Are we about to see a large scale intervention to tame the US dollar?
By Karin Strohecker and Sujata Rao
Thursday, March 19, 2020
LONDON — From Brazil to Norway, policymakers are leaping to defend currencies against the onslaught of the dollar, which scaled three-year peaks today, raising speculation that a joint move by the world’s biggest central banks may be in the offing.
Unlikely, most market-watchers say. But these are unusual times, and Norway’s central bank earlier in the day threatened to intervene to lift the crown, a step it hasn’t taken in more than 20 years.
The warning followed the crown’s 30% plunge versus the dollar in less than three weeks, though oil’s price collapse contributed.
But the dollar’s brutal ascent — up 6.5% this month against a basket of peers — has sent almost every other currency reeling. Amid the crisis caused by worries about how badly the coronavirus pandemic will hit the world economy, investors, and companies around the world have been scrambling to get their hands on the market’s most liquid currency. …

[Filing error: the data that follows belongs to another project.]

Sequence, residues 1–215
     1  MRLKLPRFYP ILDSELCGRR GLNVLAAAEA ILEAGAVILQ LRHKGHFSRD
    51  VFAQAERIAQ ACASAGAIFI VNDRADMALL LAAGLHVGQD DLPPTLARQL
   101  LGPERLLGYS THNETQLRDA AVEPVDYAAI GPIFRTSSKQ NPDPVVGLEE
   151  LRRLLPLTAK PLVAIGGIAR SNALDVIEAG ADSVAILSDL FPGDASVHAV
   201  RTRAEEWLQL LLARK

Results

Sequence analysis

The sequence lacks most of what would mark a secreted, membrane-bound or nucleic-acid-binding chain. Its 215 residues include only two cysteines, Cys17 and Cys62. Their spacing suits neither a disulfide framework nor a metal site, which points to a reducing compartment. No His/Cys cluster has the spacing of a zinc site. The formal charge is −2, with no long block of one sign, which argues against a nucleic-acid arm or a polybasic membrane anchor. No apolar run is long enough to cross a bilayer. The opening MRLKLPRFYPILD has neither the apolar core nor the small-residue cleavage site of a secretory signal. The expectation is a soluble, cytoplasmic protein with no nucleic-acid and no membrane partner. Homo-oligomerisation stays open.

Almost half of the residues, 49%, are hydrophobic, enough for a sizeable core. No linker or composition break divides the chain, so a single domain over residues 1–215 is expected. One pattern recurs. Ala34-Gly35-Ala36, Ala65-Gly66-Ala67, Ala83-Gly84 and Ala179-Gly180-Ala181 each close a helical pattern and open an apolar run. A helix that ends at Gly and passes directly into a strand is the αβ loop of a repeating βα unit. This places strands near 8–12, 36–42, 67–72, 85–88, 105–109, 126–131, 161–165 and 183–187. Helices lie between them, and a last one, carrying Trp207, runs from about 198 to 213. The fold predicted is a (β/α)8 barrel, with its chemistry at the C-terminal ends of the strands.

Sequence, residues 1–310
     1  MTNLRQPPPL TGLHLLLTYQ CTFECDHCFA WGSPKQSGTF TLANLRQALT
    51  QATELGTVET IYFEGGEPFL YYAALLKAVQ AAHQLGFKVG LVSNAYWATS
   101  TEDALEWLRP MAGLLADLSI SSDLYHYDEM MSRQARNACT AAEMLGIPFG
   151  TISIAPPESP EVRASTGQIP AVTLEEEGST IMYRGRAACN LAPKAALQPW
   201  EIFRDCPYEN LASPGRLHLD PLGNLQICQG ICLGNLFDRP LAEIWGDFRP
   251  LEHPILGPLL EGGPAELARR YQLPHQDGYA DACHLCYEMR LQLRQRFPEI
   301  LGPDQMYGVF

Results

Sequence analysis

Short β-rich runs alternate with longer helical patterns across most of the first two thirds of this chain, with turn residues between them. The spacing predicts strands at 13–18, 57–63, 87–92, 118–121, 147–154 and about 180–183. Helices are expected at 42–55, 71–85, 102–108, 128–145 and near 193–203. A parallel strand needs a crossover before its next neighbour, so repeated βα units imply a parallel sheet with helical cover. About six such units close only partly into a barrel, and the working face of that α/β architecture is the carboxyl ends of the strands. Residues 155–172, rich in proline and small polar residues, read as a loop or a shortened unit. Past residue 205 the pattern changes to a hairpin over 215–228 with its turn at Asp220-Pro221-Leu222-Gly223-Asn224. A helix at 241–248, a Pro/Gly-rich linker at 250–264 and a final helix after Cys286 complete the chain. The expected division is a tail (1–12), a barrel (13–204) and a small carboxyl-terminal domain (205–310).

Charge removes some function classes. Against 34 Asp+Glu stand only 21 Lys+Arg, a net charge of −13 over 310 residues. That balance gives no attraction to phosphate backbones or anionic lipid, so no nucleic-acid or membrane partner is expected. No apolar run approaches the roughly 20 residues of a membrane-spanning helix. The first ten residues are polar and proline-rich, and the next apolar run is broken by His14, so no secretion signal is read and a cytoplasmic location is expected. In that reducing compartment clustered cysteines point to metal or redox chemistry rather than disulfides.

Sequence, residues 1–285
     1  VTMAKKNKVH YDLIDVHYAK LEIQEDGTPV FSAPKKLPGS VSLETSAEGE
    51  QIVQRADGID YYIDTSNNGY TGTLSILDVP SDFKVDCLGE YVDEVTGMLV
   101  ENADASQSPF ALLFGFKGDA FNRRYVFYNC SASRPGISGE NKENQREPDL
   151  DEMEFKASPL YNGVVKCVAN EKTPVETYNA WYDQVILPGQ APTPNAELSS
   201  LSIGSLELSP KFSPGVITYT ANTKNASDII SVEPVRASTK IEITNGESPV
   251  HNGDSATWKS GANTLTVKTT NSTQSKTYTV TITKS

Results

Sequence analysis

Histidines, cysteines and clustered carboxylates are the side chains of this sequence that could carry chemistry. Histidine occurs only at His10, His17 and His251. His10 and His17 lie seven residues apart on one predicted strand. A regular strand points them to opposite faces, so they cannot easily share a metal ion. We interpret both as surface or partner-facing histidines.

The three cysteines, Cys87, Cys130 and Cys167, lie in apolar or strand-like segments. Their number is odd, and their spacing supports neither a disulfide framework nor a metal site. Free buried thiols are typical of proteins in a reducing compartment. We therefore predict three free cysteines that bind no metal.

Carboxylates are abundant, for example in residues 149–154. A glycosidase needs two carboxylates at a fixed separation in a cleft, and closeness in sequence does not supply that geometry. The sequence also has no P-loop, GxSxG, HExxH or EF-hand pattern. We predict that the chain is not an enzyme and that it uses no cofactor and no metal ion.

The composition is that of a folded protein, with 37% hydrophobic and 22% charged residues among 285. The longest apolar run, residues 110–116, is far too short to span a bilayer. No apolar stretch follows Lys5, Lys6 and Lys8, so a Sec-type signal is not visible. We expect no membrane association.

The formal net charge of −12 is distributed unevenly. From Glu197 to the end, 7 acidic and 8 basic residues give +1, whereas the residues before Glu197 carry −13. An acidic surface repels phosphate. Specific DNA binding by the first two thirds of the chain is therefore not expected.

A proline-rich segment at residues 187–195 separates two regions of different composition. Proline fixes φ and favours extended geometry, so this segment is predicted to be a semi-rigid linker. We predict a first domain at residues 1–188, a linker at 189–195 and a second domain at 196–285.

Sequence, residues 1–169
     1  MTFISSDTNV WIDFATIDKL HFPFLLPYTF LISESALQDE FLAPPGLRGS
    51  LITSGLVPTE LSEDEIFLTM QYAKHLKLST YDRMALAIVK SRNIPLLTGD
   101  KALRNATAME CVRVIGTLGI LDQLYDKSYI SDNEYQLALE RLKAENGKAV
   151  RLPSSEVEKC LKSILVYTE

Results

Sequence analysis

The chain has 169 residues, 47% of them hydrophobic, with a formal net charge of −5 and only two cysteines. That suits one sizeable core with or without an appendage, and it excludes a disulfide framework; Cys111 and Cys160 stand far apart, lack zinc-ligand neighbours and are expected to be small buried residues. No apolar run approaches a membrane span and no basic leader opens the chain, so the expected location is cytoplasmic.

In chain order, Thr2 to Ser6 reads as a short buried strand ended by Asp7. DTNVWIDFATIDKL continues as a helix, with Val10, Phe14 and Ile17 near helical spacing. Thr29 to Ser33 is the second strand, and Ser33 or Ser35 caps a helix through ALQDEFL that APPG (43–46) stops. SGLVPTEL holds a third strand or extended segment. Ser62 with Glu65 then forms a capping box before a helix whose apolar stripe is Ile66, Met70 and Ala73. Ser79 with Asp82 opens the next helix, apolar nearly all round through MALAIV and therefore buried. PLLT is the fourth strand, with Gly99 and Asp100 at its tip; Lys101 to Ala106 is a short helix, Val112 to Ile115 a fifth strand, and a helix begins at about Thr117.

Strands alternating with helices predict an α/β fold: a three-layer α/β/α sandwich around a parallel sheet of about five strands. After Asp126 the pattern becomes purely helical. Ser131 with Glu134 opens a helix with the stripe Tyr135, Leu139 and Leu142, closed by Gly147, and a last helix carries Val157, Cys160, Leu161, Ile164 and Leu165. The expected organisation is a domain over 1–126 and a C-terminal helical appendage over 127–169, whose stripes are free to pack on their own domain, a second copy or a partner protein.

Could the answer lie in large-scale global intervention to tame the greenback?
Most top central banks, with the exception perhaps of Switzerland, are committed to letting markets determine exchange rates. Yet many welcomed Norway’s shift; Danske Bank economist Frank Jullum urged it to buy crowns “by the bucketful.”
One issue is that piecemeal central bank interventions are often doomed to fail as individual economies usually lack the firepower to influence currency markets for any length of time But shock-and-awe moves such as the coordinated Group of Seven moves to weaken the yen, seen after the 9/11 terror attacks or the 2011 Japan tsunami, have worked. …
… For the remainder of the report:
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